On March 8, the Supreme Court voted to hear Bruesewitz v. Wyeth, an appeal from the Third Circuit Court of Appeals to decide whether a vaccine-injured child has the right to pursue a traditional "design defect" claim under state tort law when "Vaccine Court" refuses compensation.
Majority support parental vaccination choice according to a new Harris Poll. Over Half Of Parents Say Pharmaceutical Industry Has Too Much Influence Over Government Vaccine Mandates and Support More Safety Research
We, the people who affirm our belief in personal rights, in order to promote the general health and welfare for ourselves and our children and to establish justice, advocate the following principles:
Vaccination choice based on complete and accurate information is a fundamental human right.
The right to conscientious objection from vaccination mandates, namely the right to a philosophical exemption, is a fundamental human right.
Laws that make education, employment, daycare and public benefits contingent on vaccination status, except in the most extreme of public health emergencies, violate the fundamental human right to vaccination choice.
When vaccination is used as a preventive medical intervention for healthy individuals, the precautionary principle must apply. If there is no public consensus about the need for or safety of certain vaccines, they should neither be recommended nor mandated for universal use.
Individuals who are in a position to evaluate, recommend and mandate vaccines must be free of all actual or perceived conflicts of interest.
Calls for Immediate Action in the United States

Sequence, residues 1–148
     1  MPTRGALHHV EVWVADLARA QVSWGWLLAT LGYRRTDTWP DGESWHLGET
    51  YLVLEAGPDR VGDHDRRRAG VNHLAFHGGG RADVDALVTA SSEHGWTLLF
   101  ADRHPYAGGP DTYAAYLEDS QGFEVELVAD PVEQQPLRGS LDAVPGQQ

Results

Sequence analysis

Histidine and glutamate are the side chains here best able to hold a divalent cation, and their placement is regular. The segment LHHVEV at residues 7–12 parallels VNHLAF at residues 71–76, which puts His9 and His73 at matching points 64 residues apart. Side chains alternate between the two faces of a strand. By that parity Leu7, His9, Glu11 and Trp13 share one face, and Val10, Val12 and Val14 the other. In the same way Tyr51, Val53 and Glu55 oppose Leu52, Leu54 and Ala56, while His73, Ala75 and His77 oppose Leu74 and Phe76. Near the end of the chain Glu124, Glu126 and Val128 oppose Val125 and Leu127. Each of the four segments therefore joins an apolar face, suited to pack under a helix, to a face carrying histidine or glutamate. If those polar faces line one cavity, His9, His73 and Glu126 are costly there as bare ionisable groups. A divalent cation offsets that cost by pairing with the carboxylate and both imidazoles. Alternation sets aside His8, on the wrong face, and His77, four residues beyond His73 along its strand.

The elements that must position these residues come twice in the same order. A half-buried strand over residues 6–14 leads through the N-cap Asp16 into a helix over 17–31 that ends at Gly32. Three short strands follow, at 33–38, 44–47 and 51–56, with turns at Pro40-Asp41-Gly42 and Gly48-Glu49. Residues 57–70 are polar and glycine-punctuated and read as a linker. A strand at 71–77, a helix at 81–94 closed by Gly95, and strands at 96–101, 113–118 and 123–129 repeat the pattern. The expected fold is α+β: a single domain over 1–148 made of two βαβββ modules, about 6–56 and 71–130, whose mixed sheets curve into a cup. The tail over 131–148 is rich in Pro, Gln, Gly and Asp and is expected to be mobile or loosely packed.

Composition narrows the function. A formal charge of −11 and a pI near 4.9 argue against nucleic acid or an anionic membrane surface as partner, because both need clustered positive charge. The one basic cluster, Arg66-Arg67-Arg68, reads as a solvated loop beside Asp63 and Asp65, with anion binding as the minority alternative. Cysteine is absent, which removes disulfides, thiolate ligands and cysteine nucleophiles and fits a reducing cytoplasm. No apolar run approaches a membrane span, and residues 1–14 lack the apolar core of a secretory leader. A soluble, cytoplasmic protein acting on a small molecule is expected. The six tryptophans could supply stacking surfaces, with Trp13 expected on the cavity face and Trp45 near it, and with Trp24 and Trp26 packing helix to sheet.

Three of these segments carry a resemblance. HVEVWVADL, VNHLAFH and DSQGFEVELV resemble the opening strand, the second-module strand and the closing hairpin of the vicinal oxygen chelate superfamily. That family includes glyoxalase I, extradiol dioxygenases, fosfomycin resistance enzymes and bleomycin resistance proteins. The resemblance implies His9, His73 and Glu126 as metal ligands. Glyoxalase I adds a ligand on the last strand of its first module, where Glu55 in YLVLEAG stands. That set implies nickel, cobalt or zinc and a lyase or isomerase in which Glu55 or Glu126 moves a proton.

Every state should permit philosophical exemption to vaccination mandates, upholding the human right to free and informed consent for all medical interventions. Without the real right to say no, current policy is coercive and lacks legitimacy.
Congress should conduct oversight hearings on the national vaccine program, including mandates for the military and immigrants, examining vaccine safety, conflicts of interest, suppression of science, evidence of vaccine injury, and comparative empirical data from countries with differing vaccination schedules.
Congress should immediately initiate a prospective study of vaccinated versus unvaccinated populations for long-term health outcomes. Such a baseline study has never been done. This bill is called the “Comprehensive Comparative Study of Vaccinated and Unvaccinated Populations Act” and was originally cosponsored by Rep. Maloney (D.-N.Y.) and Rep. Osborne (R.-Ne.).
Congress should re-evaluate the 1986 National Childhood Vaccine Injury Act to reinstate ordinary tort liability for vaccine manufacturers and medical professionals. The 1986 Law’s liability protections have fueled the expansion of the vaccine schedule and have not made vaccines safer, as the Law required.
Congress should re-examine the Vaccine Injury Compensation Program. The Program has failed in its purpose to quickly, generously, and administratively compensate families for vaccine injury and to improve vaccine safety.
Cedillo vs. Secretary of Health and Human Services Highlights Failure of the Vaccine Injury Compensation Program
Written by Mary Holland
Monday, 30 August 2010 00:00
Vaccine-Autism Decision a 'Major Disappointment' Says Autism Advocacy Community